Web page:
A European Christmas
Amy Nickerson | December 2016
’Tis that joyous, festive season once again.
If I were celebrating with my family back in the States this year, and I’m guessing for many of you reading this, December brings with it cheesy made-for-tv movies, peppermint mochas, and stockings hung by the fire. However, as I spend my first Christmas as a full-time JV staff member in the Czech Republic, I can’t help but notice things are a bit different here. According to my national friends, the common movies to watch these snowy days are Czech fairytales, but I can’t understand them yet. For many, the holiday drink of choice is svařák, a mulled wine Czechs often drink on cold days. And stockings are not a part of most Christmas decor, but the European streets do look magical with their classy twinkle lights and holiday signs.
Although there are certain pieces of home I definitely miss, here are a few of the common European Christmas traditions I’m enjoying taking part in as a missionary on this side of the ocean.
Ask any of our JV staff members what they look forward to in the winter here and probably one of the first things they’ll say is walking around the Christmas markets. Whether in a cozy village like mine or a big city like Prague, you normally only have to go as far as your nearest square to visit stalls set up to sell roasted nuts, hot drinks, and local hand-crafted products perfect for gifts. There is often a big Christmas tree decorated as well and plenty of live music and lights.
Kyle Evans, director of the JV communications team and who is also new to the country, says his family is even making it an official tradition to explore a new market each year. “This Friday, we're going to hop on a train and head west to the city of Olomouc, Czech Republic for a fun day-trip to see all the Christmas festivities. We can't wait!”
Photo by: Martin Popelar
Another fun thing many JV staff members are involved in over the holidays is Christmas concerts. A lot of the local Fusion choirs, from JV’s evangelistic music and performing arts ministry, have events where the youth sing carols and showcase what they’ve been up to throughout the fall. I went to the one my church held this season which was packed full of people and cheer.
Plenty of other concerts, open to the public, and not directly connected to our JV ministry also take place. For example, a couple weekends ago in Ostrava, for the fourth year, a group of over a hundred members formed the choir and band for Ostrava Zpívá (Sings) Gospel. All 1,650 tickets to their shows were sold and many other people watched the live streaming of the concerts on Facebook.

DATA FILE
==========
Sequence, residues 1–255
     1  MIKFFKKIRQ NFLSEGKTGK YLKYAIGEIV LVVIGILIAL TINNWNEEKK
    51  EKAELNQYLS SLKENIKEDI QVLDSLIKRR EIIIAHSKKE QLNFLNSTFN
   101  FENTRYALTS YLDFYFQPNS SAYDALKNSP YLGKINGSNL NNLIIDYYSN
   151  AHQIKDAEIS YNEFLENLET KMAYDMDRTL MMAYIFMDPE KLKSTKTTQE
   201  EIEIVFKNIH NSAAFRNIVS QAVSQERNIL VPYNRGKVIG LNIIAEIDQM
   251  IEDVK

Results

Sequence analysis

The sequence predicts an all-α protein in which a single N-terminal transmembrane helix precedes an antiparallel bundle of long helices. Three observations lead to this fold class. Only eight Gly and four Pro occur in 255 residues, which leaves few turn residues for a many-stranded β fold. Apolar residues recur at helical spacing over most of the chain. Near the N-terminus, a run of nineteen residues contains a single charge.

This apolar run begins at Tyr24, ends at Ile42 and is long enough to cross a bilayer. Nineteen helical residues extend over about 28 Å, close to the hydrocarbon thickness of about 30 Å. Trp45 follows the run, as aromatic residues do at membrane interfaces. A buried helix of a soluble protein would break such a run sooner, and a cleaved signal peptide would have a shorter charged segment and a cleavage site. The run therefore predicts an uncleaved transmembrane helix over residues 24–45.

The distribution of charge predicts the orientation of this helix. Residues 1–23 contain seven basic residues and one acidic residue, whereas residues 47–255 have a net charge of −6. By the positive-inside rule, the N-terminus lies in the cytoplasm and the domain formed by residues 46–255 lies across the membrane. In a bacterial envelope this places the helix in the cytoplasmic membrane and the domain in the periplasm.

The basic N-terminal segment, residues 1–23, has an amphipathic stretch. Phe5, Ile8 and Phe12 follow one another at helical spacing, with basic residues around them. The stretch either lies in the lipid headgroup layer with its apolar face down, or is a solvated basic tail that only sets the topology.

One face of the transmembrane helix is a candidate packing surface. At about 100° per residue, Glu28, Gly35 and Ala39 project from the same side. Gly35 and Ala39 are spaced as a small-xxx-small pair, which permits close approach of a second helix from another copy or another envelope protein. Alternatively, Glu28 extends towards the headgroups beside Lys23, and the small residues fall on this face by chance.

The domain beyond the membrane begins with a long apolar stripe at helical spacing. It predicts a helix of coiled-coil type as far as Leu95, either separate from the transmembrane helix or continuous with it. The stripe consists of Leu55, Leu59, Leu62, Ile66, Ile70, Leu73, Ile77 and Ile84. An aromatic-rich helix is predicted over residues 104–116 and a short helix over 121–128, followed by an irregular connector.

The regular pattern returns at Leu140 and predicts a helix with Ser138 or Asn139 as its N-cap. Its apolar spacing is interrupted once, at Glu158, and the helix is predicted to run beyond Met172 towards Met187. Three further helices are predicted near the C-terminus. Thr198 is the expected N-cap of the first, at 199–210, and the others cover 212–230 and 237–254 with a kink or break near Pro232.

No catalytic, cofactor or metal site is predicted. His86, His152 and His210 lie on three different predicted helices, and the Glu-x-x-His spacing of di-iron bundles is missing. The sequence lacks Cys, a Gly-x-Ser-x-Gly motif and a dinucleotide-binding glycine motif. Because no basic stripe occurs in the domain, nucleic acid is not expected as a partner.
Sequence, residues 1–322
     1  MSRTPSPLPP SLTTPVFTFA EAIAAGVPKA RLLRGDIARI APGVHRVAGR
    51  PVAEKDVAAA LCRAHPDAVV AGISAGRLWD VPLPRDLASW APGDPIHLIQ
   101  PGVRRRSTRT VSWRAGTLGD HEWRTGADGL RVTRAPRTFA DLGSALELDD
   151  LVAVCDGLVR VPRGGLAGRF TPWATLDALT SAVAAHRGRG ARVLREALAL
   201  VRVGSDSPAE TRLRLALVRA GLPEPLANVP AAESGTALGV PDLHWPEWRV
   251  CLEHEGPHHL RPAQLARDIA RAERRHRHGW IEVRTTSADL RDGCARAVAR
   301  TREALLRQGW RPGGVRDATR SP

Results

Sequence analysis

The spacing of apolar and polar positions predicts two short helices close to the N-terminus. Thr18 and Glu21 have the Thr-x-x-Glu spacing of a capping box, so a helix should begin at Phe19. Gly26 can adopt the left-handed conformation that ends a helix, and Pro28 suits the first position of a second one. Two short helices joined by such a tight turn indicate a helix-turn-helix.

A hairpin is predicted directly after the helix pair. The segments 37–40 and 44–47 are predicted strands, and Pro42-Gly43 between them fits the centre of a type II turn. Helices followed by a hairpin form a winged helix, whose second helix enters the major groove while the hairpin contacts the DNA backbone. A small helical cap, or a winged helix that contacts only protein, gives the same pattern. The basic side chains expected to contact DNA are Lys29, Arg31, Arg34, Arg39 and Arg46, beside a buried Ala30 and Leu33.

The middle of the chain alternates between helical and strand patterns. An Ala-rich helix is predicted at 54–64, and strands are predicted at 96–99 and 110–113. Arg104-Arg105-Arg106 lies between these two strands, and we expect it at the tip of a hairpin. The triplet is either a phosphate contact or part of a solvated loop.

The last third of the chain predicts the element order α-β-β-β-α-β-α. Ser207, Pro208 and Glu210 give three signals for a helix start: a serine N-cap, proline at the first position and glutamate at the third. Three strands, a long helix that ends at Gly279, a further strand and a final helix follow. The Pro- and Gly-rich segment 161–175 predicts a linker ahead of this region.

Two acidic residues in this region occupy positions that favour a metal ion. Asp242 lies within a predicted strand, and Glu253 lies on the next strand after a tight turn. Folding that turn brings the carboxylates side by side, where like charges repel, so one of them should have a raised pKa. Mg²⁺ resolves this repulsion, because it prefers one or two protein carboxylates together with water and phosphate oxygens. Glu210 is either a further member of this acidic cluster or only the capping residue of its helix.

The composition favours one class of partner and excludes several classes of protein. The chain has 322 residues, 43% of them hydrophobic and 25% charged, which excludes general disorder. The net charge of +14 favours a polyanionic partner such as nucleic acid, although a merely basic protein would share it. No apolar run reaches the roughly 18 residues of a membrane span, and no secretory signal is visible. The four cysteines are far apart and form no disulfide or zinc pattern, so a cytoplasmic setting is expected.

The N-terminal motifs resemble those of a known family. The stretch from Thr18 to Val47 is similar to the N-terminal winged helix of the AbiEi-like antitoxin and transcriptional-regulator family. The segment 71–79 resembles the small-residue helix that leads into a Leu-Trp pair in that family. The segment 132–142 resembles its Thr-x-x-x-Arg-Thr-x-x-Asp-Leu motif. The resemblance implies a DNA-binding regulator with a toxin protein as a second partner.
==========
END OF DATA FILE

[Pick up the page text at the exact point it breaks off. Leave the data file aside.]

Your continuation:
Terry English, JV Fusion director and choir conductor at the event, says, “Before Christmas there are many Advent concerts, but most of them are commercial events where there is no chance the audience will hear the gospel message, or church events that an unbeliever would be unlikely to attend. We wanted to create an event that would be visible in our city where Czechs would be challenged with the gospel message.”
Zuzana Nelson, another JV staff member who has sung in the choir since its beginning, describes the experience, “There’s something magical about this project --people come from different places socially, culturally, spiritually and together create something amazing.”
I agree that it was pretty amazing to watch when I was there a couple Saturdays ago. As the group sang and celebrated with so much energy for two hours straight, I couldn’t help but be overwhelmed by the message of hope and joy that they sang about. Pray with us that the truths many heard at these events, some for the first time, would resonate with them this Christmas and bring the real reason for the season into focus.
One other thing I’ve really appreciated about how Czechs celebrate Christmas is that they keep Santa Claus separate from Jesus’ birth. Instead of Santa bringing presents to children on Christmas eve, Mikuláš (St. Nicholas) along with an angel and devil, meant to help discern whether a kid has been good or bad, come on December 5th and give small gifts to well-behaved little ones. You can see people dressed up as them at malls and schools and sometimes, if you’re lucky, you can even watch them ride around town in a horse-drawn carriage like I did at the beginning of this month.
After that though, the Christmas season is more about spending time with family, eating delicious food (That is, if you think the carp swimming around in your bathtub the week before Christmas will satisfy your tastebuds on the special day. My mouth is still waiting to make a final verdict.), and the birth of Jesus. On Christmas Eve, the story is that baby Jesus is the one who brings the gifts, not that old jolly guy with his reindeer.
I find it interesting that in what is now one of the most atheistic countries in the world, this tradition would have stuck around through the years. Many people may not realize that the greatest Christmas present ever wasn’t just brought by Jesus, but was Christ Himself. It is my prayer that in this part of the world, as people write letters to Jesus in the markets, and sing praises to Him at concerts, and open presents on the 24th, that they would know His love for them that was long ago packaged in swaddling clothes, resting in a manger.
This year for Christmas, I’m experiencing plenty of newness here in Europe. I’m thankful though for the different traditions that are reminding me once again of why I like this time of year in the first place. God put on flesh and made His dwelling among us; may we all be filled with great joy at this good news.
Wishing you a very, merry Christmas and a happy New Year from over here. As you celebrate, please pray with us that this winter season would bring with it many opportunities to share Christ and the reason we celebrate Christmas with people who don’t yet know.